Century Marks

Century Marks

Debt repayment

Arthur George Weidenfeld credits Christians for helping him escape to Britain in 1938 from German-occupied Austria. As a way of showing his gratitude, Weidenfeld, a Jew, is helping to rescue up to 2,000 Chris­tians from Syria and Iraq. He said it was Quakers and Plymouth Brethren who fed and clothed him and helped him to get to Britain. Baron Weidenfeld is the founder of the Weidenfeld and Nicolson publishing company. His fund to support Christians in war-torn regions in the Middle East recently sponsored a flight of 150 Syrian Christians to Poland (Independent, July 20).

Safety check

Gun possession does not deter crime or reduce homicides. Research at the Harvard Injury Control Center shows that states with the most amount of firearms have 6.8 times more firearm assaults than states with the fewest guns. Firearm homicides are 2.8 times more likely in states with the most guns compared to those with the least. The researchers caution against associating correlation with cause but say that a higher level of gun ownership leads to more crime, not the other way around (Live Science, July 6).

Alms

A coalition of Muslims has raised nearly $50,000 to help rebuild black churches in the South that were recently damaged or destroyed by fire. “To many, it is clear that these are attacks on black culture, black religion, and black lives,” one of the Muslim organizers said. Faatimah Knight, a 23-year-old student at Chicago Theological Seminary, was one of the instigators of the fund-raising effort, which took place during Ramadan, the Muslim holy month devoted to fasting and alms giving. Arson is suspected in several of the church fires (CNN, July 9).

Short-term gains

A study released by the Brookings Institution sheds light on Wall Street’s incentive system that rewards short-term profits at the expense of long-term investment. The study notes four factors with long-term consequences: proliferation of stock buybacks and dividends; increase in noncash compensation to executives; a fixation on quarterly earnings; and the rise of activist investors. These factors lead to rising inequality, a shrinking middle class, a larger wedge between productivity and compensation, and less business investment. The authors suggest that executive compensation and taxation laws change and that corporate reporting focus more on long-term investments (Brookings, June 30).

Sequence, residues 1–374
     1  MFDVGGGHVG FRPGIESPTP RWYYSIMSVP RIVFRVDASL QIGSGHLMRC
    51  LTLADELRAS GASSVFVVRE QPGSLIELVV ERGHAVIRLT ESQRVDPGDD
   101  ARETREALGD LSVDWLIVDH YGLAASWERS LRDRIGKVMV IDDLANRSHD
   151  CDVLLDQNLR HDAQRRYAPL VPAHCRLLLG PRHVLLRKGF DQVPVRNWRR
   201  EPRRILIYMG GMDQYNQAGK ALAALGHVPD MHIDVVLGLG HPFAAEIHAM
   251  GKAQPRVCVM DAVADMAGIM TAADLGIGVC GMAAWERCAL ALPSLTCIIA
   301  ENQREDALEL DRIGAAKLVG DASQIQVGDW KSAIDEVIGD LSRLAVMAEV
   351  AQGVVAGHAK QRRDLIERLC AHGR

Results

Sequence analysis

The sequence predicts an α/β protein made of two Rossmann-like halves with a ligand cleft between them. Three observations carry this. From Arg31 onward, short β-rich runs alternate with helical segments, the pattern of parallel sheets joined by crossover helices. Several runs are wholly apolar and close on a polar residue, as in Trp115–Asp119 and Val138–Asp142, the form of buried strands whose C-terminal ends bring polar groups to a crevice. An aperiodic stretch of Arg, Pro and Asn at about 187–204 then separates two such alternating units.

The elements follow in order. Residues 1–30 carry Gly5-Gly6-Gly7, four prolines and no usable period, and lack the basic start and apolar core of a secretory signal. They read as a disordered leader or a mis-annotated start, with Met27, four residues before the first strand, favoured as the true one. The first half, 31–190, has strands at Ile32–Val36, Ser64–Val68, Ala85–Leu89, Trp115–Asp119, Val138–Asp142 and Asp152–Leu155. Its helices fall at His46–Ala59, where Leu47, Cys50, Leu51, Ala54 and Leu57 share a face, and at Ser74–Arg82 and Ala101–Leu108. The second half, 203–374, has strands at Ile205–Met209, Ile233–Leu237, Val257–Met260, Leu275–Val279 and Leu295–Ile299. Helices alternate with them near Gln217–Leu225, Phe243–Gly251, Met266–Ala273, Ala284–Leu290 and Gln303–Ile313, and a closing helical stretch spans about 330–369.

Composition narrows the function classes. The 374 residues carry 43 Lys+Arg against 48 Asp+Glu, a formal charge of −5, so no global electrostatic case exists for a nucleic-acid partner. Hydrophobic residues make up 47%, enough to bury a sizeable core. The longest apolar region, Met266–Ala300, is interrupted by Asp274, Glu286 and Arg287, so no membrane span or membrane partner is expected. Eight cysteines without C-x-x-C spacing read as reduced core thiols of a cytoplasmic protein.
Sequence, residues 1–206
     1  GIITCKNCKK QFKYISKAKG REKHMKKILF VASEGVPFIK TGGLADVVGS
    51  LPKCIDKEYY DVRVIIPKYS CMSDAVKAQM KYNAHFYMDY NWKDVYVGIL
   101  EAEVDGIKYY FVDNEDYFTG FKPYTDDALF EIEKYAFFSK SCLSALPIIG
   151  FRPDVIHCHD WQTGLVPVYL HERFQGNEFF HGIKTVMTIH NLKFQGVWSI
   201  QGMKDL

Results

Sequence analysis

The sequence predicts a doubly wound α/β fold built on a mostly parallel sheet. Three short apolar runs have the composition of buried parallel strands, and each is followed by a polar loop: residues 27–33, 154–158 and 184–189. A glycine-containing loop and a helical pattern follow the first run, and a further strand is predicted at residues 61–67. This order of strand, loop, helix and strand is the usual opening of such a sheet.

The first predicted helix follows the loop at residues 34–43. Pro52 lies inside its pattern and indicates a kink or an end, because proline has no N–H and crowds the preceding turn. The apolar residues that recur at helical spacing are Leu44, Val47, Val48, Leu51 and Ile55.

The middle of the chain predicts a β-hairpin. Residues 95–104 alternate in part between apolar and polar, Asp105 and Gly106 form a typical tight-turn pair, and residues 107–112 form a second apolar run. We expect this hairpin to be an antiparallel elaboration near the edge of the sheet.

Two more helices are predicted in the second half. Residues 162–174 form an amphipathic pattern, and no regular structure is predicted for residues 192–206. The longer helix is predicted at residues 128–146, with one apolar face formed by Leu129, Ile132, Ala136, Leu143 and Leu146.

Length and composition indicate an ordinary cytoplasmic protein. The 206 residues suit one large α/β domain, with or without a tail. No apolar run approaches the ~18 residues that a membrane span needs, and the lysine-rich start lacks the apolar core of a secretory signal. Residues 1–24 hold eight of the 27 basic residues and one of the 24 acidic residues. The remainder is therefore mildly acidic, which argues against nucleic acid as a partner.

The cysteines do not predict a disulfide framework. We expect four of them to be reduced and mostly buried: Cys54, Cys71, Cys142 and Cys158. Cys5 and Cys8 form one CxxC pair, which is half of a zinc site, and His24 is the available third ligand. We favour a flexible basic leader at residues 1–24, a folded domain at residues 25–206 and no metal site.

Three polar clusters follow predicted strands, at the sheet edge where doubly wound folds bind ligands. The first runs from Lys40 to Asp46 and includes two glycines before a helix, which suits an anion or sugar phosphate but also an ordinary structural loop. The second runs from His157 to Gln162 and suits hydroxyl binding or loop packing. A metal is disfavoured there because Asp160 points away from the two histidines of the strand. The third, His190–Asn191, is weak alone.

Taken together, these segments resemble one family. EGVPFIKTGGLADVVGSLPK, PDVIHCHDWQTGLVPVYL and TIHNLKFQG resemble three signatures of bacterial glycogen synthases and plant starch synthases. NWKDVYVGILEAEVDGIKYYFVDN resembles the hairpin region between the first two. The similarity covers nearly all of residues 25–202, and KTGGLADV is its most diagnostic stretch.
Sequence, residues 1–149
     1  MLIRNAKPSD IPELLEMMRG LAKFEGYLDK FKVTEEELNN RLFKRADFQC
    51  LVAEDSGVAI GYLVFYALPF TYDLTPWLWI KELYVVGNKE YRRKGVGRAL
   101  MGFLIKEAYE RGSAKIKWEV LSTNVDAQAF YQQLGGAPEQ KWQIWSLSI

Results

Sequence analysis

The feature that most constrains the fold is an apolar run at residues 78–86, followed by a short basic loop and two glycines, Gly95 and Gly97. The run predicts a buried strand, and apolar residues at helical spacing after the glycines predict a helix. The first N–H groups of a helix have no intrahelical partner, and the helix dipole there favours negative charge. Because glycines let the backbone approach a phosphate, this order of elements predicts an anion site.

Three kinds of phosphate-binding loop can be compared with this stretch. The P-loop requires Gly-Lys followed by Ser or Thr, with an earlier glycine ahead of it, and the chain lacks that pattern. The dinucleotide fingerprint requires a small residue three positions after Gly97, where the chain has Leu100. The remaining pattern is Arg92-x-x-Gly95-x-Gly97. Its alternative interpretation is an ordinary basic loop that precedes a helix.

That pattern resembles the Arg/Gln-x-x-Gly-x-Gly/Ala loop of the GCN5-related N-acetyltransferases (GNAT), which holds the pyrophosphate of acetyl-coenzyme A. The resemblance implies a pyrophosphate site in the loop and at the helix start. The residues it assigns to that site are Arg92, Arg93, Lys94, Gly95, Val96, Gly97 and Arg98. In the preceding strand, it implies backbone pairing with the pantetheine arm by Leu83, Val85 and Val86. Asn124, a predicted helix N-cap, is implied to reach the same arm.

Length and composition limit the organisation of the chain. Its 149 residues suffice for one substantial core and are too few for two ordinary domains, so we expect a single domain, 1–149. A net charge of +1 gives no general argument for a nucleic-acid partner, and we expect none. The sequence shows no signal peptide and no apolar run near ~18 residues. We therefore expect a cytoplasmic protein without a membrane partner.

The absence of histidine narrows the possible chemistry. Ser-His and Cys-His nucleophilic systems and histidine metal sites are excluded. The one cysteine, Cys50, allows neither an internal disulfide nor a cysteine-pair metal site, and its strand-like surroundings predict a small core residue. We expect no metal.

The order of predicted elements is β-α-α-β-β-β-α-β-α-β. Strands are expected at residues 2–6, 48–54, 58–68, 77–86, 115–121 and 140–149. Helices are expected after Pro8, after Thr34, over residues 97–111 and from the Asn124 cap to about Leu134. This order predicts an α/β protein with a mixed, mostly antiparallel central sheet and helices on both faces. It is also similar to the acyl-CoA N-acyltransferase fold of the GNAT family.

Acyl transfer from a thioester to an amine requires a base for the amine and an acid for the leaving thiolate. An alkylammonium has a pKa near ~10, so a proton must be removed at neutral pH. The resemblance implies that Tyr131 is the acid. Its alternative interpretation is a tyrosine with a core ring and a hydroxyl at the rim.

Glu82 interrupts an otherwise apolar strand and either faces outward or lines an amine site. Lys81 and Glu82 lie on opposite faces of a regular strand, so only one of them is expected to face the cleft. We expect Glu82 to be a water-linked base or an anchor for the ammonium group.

Beginning with Alpha

Cardinal Vincent Nichols, head of the Roman Catholic Church in Britain, believes an influx of immigrants in Britain is not only boosting the ranks of believers but also giving much-needed encouragement to the faith of native Christians. The 2011 census showed a decline over ten years of 4.1 million people in England and Wales who consider themselves Christian. The decline was partly offset by the arrival of 1.2 million foreign-born Christians, including Polish Catholics and African evangelicals. Every Catholic parish in England and Wales is setting up an evangelization team to devise new strategies for spreading the gospel in the 21st century. Catholics are learning from the global success of the Alpha course, the short introduction to Christianity developed by an Anglican parish in London, which has been used by at least 15 million people around the world (Telegraph, July 7).